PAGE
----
LOS ANGELES (CBS SF/AP) — For a fourth time, a California prison board has recommended that Charles Manson follower Leslie Van Houten, serving time for the gruesome murders of Los Angeles grocer Leno LaBianca and his wife, Rosemary, in August 1969, be paroled after spending nearly five decades in prison.

But the decision on whether or not she walks out of the women’s prison in Chino rests in the hands of Gov. Gavin Newsom, who has already blocked her release once before.

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Former Gov. Jerry Brown also blocked Van Houten’s release twice while he was in office.

After a hearing at the women’s prison in Chino, commissioners of the Board of Parole Hearings found that Van Houten was suitable for release. After a 120-day review process, her case will again rest with Newsom.

“As with any parole suitability recommendation, when the case reaches the Governor’s Office, it will be carefully reviewed on its merits,” Vicky Waters, Newsom’s press secretary, said in a statement.

Van Houten, 70, is serving a life sentence for helping Manson and others kill Los Angeles grocer Leno LaBianca and his wife, Rosemary, in August 1969.

Van Houten was 19 when she and other cult members fatally stabbed the LaBiancas, carved up Leno LaBianca’s body and smeared the couple’s blood on the walls.

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The slayings came the day after other Manson followers, not including Van Houten, killed pregnant actress Sharon Tate and four others.

Details of the parole hearing weren’t immediately released but Van Houten’s attorney, Rich Pfeiffer, said in an email that it “went really well.”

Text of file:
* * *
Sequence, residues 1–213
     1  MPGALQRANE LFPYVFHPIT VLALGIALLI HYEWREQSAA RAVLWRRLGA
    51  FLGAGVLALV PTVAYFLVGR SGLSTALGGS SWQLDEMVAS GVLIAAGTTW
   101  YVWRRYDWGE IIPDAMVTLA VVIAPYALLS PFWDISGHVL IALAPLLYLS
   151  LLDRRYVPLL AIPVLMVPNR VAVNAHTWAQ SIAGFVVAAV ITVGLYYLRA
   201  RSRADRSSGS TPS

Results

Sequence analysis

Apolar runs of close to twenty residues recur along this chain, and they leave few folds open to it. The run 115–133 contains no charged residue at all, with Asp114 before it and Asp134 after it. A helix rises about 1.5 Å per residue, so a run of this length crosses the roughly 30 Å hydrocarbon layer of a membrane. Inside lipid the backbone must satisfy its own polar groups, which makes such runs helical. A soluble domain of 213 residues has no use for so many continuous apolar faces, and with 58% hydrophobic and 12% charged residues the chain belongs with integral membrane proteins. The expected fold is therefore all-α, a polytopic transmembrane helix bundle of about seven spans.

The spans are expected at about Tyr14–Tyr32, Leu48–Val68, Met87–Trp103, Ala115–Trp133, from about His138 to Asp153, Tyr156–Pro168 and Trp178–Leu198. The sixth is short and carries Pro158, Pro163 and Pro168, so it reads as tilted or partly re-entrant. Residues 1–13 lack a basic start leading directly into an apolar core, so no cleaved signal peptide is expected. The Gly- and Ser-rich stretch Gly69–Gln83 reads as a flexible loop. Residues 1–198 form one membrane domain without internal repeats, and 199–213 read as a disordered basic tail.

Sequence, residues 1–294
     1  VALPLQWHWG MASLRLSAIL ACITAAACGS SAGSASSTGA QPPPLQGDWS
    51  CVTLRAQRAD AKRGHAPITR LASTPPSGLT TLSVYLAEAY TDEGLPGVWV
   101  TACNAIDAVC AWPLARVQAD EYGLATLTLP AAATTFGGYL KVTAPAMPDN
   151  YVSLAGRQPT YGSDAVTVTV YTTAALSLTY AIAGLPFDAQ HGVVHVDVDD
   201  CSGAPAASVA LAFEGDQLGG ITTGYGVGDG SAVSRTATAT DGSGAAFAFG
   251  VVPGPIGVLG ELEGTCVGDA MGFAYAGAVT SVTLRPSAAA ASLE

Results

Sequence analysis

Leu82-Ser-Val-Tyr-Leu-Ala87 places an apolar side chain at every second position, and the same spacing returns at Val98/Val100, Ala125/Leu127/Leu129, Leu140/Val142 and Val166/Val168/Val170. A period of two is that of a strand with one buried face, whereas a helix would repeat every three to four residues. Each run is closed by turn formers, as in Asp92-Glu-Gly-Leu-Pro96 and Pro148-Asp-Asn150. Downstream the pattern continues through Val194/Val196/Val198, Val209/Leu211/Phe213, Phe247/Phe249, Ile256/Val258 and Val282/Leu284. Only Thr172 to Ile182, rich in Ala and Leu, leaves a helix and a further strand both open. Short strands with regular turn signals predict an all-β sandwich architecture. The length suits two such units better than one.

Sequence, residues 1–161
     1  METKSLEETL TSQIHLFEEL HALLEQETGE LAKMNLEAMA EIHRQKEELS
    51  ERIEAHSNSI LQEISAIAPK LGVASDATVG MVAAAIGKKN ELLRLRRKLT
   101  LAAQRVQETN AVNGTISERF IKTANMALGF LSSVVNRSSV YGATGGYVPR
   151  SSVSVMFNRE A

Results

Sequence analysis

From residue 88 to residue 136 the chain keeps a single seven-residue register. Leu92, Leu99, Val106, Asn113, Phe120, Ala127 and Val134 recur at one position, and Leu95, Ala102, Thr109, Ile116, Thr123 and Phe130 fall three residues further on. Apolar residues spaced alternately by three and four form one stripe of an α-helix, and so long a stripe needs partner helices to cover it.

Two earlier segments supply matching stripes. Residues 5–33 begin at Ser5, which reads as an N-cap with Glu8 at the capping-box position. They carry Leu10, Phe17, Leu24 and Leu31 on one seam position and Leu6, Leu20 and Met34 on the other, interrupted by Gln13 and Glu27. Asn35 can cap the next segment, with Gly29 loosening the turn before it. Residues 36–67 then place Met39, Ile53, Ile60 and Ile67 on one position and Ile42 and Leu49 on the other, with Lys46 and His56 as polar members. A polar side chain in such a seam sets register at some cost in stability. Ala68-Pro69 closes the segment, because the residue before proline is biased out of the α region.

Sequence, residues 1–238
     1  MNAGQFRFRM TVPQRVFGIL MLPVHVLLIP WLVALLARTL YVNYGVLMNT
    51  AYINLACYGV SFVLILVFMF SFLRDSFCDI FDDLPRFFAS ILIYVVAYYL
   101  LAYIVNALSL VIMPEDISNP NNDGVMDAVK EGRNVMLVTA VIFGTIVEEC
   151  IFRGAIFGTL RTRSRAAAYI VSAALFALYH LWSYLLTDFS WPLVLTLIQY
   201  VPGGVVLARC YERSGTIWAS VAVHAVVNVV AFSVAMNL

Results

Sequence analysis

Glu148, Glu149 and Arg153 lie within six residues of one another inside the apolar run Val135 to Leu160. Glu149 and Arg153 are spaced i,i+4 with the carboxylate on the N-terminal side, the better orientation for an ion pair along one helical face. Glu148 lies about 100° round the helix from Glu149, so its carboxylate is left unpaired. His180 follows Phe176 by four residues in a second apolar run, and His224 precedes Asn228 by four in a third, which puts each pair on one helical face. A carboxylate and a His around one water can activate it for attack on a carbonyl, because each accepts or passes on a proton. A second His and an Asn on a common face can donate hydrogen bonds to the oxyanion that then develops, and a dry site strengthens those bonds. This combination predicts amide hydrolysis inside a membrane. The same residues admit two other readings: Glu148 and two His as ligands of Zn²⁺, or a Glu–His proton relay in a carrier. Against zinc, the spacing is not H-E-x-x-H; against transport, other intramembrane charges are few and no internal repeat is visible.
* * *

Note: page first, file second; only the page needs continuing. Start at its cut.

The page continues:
Pfeiffer said he expects Newsom to reverse the decision again, “but the courts will have a harder time denying a writ than they did in the past.”

In May, an appeals court denied Pfeiffer’s request to release Van Houten on bail or her own recognizance. His motion argued that her age put her at high risk of contracting COVID-19 and noted that another prisoner in her housing unit had been infected.

At her 2017 parole hearing, Van Houten described a troubled childhood. She said she was devastated when her parents divorced when she was 14. Soon after, she said, she began hanging out with her school’s outcast crowd and using drugs. When she was 17, she and her boyfriend ran away to San Francisco’s Haight-Ashbury District during the city’s Summer of Love.

She was traveling up and down the California coast when acquaintances led her to Manson. He was holed up at an abandoned movie ranch on the outskirts of Los Angeles where he had recruited what he called a “family” to survive what he insisted would be a race war he would launch by committing a series of random, horrifying murders.

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Manson died in 2017 of natural causes at a California hospital while serving a life sentence.